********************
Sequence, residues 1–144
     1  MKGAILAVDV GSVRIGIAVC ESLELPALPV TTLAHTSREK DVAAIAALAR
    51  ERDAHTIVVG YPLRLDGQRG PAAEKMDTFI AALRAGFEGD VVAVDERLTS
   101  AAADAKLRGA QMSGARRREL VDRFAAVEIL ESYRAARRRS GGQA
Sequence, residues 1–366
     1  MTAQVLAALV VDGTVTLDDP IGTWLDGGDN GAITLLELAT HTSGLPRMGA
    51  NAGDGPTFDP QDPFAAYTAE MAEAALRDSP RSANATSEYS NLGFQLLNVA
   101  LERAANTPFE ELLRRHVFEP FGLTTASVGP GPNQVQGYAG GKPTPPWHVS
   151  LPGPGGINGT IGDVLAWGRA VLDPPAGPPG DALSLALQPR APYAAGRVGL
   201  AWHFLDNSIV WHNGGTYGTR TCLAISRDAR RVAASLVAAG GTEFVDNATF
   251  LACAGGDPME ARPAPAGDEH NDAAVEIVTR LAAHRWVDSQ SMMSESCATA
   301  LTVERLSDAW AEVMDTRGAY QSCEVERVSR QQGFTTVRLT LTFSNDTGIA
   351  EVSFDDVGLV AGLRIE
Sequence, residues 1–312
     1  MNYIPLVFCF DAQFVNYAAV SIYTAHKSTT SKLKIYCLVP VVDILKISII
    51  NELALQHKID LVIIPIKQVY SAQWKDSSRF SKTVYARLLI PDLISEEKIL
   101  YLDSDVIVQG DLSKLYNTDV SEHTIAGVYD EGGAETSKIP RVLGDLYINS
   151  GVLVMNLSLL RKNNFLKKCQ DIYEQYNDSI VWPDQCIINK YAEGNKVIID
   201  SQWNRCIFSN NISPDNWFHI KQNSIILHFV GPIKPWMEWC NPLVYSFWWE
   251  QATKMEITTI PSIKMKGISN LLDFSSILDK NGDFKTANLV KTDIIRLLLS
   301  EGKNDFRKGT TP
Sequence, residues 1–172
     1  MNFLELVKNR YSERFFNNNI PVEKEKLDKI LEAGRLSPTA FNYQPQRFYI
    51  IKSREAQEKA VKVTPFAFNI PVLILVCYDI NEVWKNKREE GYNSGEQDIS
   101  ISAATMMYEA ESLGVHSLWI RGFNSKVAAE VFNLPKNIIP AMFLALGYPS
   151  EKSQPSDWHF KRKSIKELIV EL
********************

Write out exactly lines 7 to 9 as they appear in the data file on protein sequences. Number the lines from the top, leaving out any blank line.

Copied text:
    51  NAGDGPTFDP QDPFAAYTAE MAEAALRDSP RSANATSEYS NLGFQLLNVA
   101  LERAANTPFE ELLRRHVFEP FGLTTASVGP GPNQVQGYAG GKPTPPWHVS
   151  LPGPGGINGT IGDVLAWGRA VLDPPAGPPG DALSLALQPR APYAAGRVGL